A MEDAL AND A VALENTINE
Newton Martin Curtis
He carried a valentine into battle. After the battle, and after the war, he still had the valentine. General Newton Martin Curtis didn't get the medal for 26 years.
The small village of DePeyster, New York is justly proud of its native son. DePeyster was a small village when he was born in 1835, and it is still a small village. Located in St. Lawrence County, on the St. Lawrence River/Seaway, DePeyster today has 936 souls in residence, or so our latest 2000 census recorded.
The first shots of the American Civil War were fired at Fort Sumter on April 12, 1861, and before the smoke had lifted, Newton started organizing a company for the Union Army. He arrived in Albany with eighty volunteers and offered their services, along with his own. The group was made a part of the Sixteenth, New York Regiment, with 26-year-old Newton as its Captain.
The Sixteenth New York was at the first Battle of Bull Run and a part of the Army of the Potomac until the Battle of Antietam. Captain Curtis was wounded during the Peninsular Campaign, after which he was promoted to Colonel of the 142nd New York Regiment.
Young Colonel Curtis received a valentine that year, 1863, while he was stationed in Virginia. The writer, as far as has been determined, was a "secret admirer," someone who had watched him march away to war. He kept that valentine, and it was found recently and published in the local newspaper. Did the young man, later to become a national hero, know the identity of the sender? Was he touched by the poem she wrote on the valentine? We don't think of our war heroes as being sentimental, but Newton Martin Curtis was never an ordinary man.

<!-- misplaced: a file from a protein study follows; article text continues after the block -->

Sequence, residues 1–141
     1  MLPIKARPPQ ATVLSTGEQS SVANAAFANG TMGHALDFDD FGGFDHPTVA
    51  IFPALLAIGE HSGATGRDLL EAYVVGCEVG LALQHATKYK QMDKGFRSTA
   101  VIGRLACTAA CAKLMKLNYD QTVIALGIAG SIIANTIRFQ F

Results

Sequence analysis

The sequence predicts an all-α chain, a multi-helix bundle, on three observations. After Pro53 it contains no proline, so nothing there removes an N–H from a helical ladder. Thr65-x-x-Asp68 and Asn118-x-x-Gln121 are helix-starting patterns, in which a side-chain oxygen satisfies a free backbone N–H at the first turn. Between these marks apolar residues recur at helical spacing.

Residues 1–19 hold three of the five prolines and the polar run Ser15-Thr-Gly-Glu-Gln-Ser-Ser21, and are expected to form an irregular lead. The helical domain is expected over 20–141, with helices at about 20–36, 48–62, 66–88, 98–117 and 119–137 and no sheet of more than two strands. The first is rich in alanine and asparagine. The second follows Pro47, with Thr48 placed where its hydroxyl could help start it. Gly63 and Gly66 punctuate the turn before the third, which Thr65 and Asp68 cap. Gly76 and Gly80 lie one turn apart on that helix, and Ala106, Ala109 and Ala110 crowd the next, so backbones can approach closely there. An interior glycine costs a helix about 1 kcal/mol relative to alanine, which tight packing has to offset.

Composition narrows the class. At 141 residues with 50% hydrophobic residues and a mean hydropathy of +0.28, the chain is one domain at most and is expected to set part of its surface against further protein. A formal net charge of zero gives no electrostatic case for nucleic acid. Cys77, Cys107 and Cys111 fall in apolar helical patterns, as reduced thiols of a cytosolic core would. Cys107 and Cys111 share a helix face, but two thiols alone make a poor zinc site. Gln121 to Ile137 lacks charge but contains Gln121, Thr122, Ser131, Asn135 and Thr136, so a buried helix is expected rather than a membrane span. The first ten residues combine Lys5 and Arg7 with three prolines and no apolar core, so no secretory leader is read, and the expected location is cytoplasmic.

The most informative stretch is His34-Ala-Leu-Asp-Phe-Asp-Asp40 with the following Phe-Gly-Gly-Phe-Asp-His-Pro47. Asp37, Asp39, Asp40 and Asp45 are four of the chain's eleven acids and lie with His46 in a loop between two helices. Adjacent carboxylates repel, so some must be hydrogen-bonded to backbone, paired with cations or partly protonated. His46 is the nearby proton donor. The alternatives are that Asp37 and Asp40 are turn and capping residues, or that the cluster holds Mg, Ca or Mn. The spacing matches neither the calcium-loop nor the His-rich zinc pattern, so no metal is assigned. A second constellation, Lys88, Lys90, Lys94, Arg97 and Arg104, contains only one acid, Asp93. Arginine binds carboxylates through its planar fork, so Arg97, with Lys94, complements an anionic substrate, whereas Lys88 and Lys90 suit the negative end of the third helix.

I saw the sixteenth marching off
Marching down Broadway -
And marked you, Captain Curtis,
In that bright summers day.
And then I there quite resolved
What'ere should intervene,
I'd ever watch your onward course
Through every fitful scene.
I waited - waited patiently
A year had winged its flight,
Then saw you'd nobly borne your part
In York-town's bloody fight,
Had rallied onward to the last,
Til you were borne away.
For some Confederate well had marked
The Hero of the day.
And now tis Col. Curtis
How quickly you have passed
From the sixteenth, to the hundred!
Long may the title last.
But one thing is a query
I should well like to know.
Col. has your heart been touched
By little cupid's bow?
Not every Col. has a heart
Or will so nobly bear his part.
Not every Col. so can shine
So surely win a valentine.
Fort Fisher in North Carolina is gone now, washed out to sea. It wasn't much even before the waves did their work. It was mounds of sand, several of them, behind which were Confederate guns protecting access to the Cape Fear River, one of the two last ports that remained open to the Confederates throughout the war. The Federal blockade worked everywhere else. Union ships could not get near enough to the fort, because of the shallow water, to knock out the guns. Artillery shells would land in the sand piles, rearrange them a bit, and do nothing but waste ordinance. The Union needed to mount a real land attack.
The original Medal of Honor in 1862